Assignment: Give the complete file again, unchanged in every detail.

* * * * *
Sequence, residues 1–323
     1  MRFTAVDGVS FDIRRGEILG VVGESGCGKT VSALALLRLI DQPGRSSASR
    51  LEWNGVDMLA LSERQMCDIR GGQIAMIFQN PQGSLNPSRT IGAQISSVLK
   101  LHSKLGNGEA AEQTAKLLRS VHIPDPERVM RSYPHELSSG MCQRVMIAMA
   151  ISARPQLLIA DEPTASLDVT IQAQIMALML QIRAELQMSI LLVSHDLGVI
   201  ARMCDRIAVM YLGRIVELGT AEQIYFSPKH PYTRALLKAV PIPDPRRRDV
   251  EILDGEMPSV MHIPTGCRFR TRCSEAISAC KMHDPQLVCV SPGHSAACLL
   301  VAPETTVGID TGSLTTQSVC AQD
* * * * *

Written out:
Sequence, residues 1–323
     1  MRFTAVDGVS FDIRRGEILG VVGESGCGKT VSALALLRLI DQPGRSSASR
    51  LEWNGVDMLA LSERQMCDIR GGQIAMIFQN PQGSLNPSRT IGAQISSVLK
   101  LHSKLGNGEA AEQTAKLLRS VHIPDPERVM RSYPHELSSG MCQRVMIAMA
   151  ISARPQLLIA DEPTASLDVT IQAQIMALML QIRAELQMSI LLVSHDLGVI
   201  ARMCDRIAVM YLGRIVELGT AEQIYFSPKH PYTRALLKAV PIPDPRRRDV
   251  EILDGEMPSV MHIPTGCRFR TRCSEAISAC KMHDPQLVCV SPGHSAACLL
   301  VAPETTVGID TGSLTTQSVC AQD